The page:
Based on the outcome of a prenatal developmental toxicity study according to the OECD 414 guideline (Nextreat, 2021), clear evidence was shown of adverse effects on development induced by strontium chloride hexahydrate in the absence of maternal toxic effects. These adverse effects were: skeletal malformations (bent and/or short scapula, humerus, femur, tibia, and fibula), next to increased number of dead fetuses and post implantation loss, and skeletal variations (incomplete ossification of the skull, wavy and marked wavy ribs). A clear dose-response was observed.
LOAEL developmental = 420 mg SrCl2.6H2O/kg bw/d (138.1 mg Sr/kg bw/d)
NOAEL developmental = 105 mg SrCl2.6H2O/kg bw/d (34.5 mg Sr/kg bw/d)
LOAEL maternal = 1681 mg SrCl2.6H2O/kg bw/d (552.4 mg Sr/kg bw/d) based on decreased body weight and body weight gain, decreased food consumption of the dams
NOAEL maternal = 420 mg SrCl2.6H2O/kg bw/d (138.1 mg Sr/kg bw/d)
Based on the information from the key OECD TG 414 study (Nextreat, 2021), the hazard classification for SrCl2.6H2O and Sr is re-evaluated and updated. According to the Guidance on the application of CLP criteria, and the clear adverse effects on the development of the offspring, with a clear dose-response relationship, and in the absence of maternal toxicity, the substance SrCl2.6H2O and Sr meet the criteria laid down in Annex I Section 126.96.36.199.1 for classification as toxic to reproduction category 1B 'Presumed human reproductive toxicant' (evidence for classification is from animal data).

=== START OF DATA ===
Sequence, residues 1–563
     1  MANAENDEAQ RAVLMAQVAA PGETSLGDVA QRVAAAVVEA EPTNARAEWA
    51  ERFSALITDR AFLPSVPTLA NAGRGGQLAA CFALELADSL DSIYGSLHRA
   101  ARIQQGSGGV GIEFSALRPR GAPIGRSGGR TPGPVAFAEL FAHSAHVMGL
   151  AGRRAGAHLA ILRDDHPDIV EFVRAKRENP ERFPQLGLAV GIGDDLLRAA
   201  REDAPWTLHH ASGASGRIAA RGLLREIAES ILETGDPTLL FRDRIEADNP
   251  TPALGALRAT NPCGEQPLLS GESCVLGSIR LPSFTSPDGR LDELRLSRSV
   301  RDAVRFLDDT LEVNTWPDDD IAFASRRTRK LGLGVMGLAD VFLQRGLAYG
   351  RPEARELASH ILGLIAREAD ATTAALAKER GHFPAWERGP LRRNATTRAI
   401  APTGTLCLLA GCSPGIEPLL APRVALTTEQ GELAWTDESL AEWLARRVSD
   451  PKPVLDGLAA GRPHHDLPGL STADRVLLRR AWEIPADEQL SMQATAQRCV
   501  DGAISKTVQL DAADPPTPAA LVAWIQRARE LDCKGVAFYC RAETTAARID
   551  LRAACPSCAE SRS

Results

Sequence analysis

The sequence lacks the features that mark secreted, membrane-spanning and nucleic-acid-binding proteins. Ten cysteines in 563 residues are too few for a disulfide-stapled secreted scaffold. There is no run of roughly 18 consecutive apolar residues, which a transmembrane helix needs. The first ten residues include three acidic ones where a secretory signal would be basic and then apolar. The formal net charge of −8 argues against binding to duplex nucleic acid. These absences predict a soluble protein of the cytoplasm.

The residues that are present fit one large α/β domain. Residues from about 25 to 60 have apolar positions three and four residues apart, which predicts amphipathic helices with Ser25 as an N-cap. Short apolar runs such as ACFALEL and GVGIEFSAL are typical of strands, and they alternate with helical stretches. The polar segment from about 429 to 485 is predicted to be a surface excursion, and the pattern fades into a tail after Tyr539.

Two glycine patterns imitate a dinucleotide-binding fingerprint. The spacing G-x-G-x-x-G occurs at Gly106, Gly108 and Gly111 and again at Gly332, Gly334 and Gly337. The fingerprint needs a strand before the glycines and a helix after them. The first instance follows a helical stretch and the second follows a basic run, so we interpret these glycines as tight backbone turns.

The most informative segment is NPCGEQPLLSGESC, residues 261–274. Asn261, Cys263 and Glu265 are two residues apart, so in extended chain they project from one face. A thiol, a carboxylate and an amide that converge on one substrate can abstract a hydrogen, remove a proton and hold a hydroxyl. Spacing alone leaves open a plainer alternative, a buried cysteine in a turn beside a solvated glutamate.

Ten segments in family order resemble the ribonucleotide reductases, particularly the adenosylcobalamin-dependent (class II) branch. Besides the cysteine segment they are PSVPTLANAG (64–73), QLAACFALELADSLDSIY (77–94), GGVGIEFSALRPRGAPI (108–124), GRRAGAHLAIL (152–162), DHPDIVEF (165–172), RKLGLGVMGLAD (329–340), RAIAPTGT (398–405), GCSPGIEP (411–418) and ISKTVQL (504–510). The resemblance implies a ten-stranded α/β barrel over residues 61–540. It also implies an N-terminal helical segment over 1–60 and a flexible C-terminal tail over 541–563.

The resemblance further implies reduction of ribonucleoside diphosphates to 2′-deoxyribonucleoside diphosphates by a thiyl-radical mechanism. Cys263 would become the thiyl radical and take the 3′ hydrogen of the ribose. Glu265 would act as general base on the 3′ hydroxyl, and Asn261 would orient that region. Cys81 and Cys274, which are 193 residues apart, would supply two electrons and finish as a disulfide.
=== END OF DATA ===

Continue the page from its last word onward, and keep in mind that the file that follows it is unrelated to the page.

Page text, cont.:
Label elements in accordance with table 3.7.3 of Annex I: 188.8.131.52:
GHS Pictograms: GHS08: Health Hazard
Signal word: Danger
Hazard statement: H360D May damage the unborn child
Classification for strontium neodecanoate
Reproductive toxicity classification of strontium neodecanoate is based on the presence of strontium which is classified for reproductive toxicity (see CLP Article 6(3) and Annex I, 3.7.3). Generic concentration limits triggering classification (Annex I Table 3.7.2) Category 1B: ≥0.3%. Therefore,
Classification strontium neodecanoate: 1B
Information on Registered Substances comes from registration dossiers which have been assigned a registration number. The assignment of a registration number does however not guarantee that the information in the dossier is correct or that the dossier is compliant with Regulation (EC) No 1907/2006 (the REACH Regulation). This information has not been reviewed or verified by the Agency or any other authority. The content is subject to change without prior notice.Reproduction or further distribution of this information may be subject to copyright protection. Use of the information without obtaining the permission from the owner(s) of the respective information might violate the rights of the owner.